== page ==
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State and local governments pinched as pandemic hits tax revenue
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We’ve been seeing how individuals, families and businesses are feeling the economic consequences of the pandemic. Now, there’s growing alarm over the ripple effect that’s hitting local and state governments, as tax revenue craters.
Congress is debating how much support to provide and just how governments could spend any money that comes their way. And the Federal Reserve has taken the unusual step of saying it’s willing to purchase municipal bonds to help provide a backstop.
As far as state budgets go, April was supposed to be a pretty good month.
“About 15% of all income tax revenues in any single fiscal year is collected in the month of April,” said Lucy Dadayan, a senior research associate at the Urban Institute.
But 35 states plus Washington, D.C., extended income-tax deadlines to July 15, so a lot of that expected revenue isn’t coming for a while.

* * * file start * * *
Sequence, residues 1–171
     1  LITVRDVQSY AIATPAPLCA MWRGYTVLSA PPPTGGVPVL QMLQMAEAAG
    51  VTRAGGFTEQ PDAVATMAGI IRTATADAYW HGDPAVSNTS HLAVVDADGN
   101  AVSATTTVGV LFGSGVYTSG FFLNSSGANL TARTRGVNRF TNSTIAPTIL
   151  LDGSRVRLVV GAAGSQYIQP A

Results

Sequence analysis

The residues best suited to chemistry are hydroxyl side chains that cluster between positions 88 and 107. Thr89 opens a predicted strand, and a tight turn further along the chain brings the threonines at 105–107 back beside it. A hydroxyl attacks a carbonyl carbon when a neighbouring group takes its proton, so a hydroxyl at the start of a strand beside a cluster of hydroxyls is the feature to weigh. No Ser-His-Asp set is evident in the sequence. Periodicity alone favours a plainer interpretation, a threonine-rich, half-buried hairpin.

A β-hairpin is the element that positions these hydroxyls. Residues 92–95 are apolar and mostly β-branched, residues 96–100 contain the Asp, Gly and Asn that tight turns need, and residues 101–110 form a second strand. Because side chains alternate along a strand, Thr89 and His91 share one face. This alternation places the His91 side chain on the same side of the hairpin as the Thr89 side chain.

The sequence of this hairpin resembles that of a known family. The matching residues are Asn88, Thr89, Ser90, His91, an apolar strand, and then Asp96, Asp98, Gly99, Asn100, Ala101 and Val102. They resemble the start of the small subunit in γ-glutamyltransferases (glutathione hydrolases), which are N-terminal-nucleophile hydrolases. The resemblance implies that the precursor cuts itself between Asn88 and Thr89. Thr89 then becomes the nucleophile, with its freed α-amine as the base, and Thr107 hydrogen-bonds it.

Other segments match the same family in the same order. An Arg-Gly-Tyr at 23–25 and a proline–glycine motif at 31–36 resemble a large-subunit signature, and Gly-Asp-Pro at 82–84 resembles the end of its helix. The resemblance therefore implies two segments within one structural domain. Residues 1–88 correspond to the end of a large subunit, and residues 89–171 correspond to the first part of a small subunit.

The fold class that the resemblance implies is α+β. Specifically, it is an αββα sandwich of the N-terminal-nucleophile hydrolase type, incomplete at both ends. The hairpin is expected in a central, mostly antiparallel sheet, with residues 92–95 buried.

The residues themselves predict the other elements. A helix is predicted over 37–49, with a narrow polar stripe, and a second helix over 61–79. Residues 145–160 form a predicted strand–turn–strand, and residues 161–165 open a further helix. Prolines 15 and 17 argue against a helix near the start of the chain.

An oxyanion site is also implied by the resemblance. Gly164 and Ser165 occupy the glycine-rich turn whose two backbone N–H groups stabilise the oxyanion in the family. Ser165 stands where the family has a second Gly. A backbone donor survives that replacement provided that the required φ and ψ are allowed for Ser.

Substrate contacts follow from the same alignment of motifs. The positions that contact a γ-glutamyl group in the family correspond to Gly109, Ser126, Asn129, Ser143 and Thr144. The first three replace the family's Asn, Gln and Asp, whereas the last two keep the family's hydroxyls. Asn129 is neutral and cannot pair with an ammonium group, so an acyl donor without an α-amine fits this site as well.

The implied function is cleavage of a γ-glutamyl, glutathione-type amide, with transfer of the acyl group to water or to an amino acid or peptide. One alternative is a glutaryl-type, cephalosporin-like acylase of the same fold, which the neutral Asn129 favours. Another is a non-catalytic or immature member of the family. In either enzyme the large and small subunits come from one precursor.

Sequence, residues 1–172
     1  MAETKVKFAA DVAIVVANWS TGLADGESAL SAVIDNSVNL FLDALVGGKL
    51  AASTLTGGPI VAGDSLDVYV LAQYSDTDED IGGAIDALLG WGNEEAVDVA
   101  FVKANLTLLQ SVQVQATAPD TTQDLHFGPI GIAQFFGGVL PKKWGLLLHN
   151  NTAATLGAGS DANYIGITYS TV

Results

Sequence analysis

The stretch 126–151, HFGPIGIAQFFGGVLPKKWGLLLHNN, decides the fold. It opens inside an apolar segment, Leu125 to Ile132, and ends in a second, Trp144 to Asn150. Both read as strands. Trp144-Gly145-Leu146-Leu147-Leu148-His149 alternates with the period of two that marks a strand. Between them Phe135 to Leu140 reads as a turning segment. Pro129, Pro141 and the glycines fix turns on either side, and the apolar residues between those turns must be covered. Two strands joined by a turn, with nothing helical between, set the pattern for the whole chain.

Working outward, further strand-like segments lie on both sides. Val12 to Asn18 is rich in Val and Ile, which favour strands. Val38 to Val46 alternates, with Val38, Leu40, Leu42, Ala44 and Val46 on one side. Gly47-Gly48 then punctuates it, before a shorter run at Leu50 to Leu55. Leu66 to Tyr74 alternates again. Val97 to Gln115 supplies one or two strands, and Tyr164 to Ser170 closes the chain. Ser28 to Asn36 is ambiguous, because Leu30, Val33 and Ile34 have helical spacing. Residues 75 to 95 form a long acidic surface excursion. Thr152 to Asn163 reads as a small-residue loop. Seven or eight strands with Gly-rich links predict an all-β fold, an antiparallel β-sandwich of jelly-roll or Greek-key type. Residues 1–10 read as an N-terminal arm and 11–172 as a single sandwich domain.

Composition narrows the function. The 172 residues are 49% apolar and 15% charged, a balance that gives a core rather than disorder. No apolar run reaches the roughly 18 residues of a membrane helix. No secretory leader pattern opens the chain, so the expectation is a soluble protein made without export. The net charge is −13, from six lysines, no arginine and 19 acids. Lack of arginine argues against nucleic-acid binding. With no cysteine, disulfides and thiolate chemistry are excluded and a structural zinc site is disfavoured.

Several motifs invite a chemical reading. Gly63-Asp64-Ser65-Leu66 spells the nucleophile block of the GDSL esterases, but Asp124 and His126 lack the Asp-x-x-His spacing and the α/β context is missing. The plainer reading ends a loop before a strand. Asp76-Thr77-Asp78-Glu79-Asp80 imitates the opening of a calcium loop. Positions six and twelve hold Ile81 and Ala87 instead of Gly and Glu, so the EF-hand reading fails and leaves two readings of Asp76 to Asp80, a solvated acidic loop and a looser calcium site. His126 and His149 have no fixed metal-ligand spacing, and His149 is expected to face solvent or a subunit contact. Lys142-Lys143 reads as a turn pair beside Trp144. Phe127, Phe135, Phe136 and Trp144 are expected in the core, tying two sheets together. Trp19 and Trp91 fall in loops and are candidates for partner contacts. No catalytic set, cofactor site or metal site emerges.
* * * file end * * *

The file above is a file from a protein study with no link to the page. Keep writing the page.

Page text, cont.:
Richard McGahey, an economist at the New School, said that for many states, “that means they don’t know how much tax revenue they’ve got coming in till after their fiscal year starts, making it even harder for them to forecast revenues.”
Even harder because other revenue numbers, like sales taxes, are in flux as well. Tim Ryan, a municipal bond portfolio manager at investment firm Nuveen, said some states can just take the hit.
“Certain states have more rainy-day funds than others,” Ryan said. “But I think many will probably look to the bond markets to at least provide some stopgap financing.”
The municipal bond market is where towns, cities, states and transportation systems go for cash in a pinch. Usually, investors love muni bonds, and the Fed stays on the sidelines. Now, the central bank says it will spend as much as $500 billion to stabilize the market.
But not all states are jumping at the opportunity.
For example, in New Mexico, Deputy Treasurer Sam Collins knows revenue is going to take a hit.
“We estimate it’s going to be something in the range of $300 million to $400 million,” Collins said. “That will be delayed from March, April, May and June to July.”
But he still views the Fed’s program as a last resort. For now, he thinks the losses are something the state can absorb, although he says the full picture won’t be clear until May.
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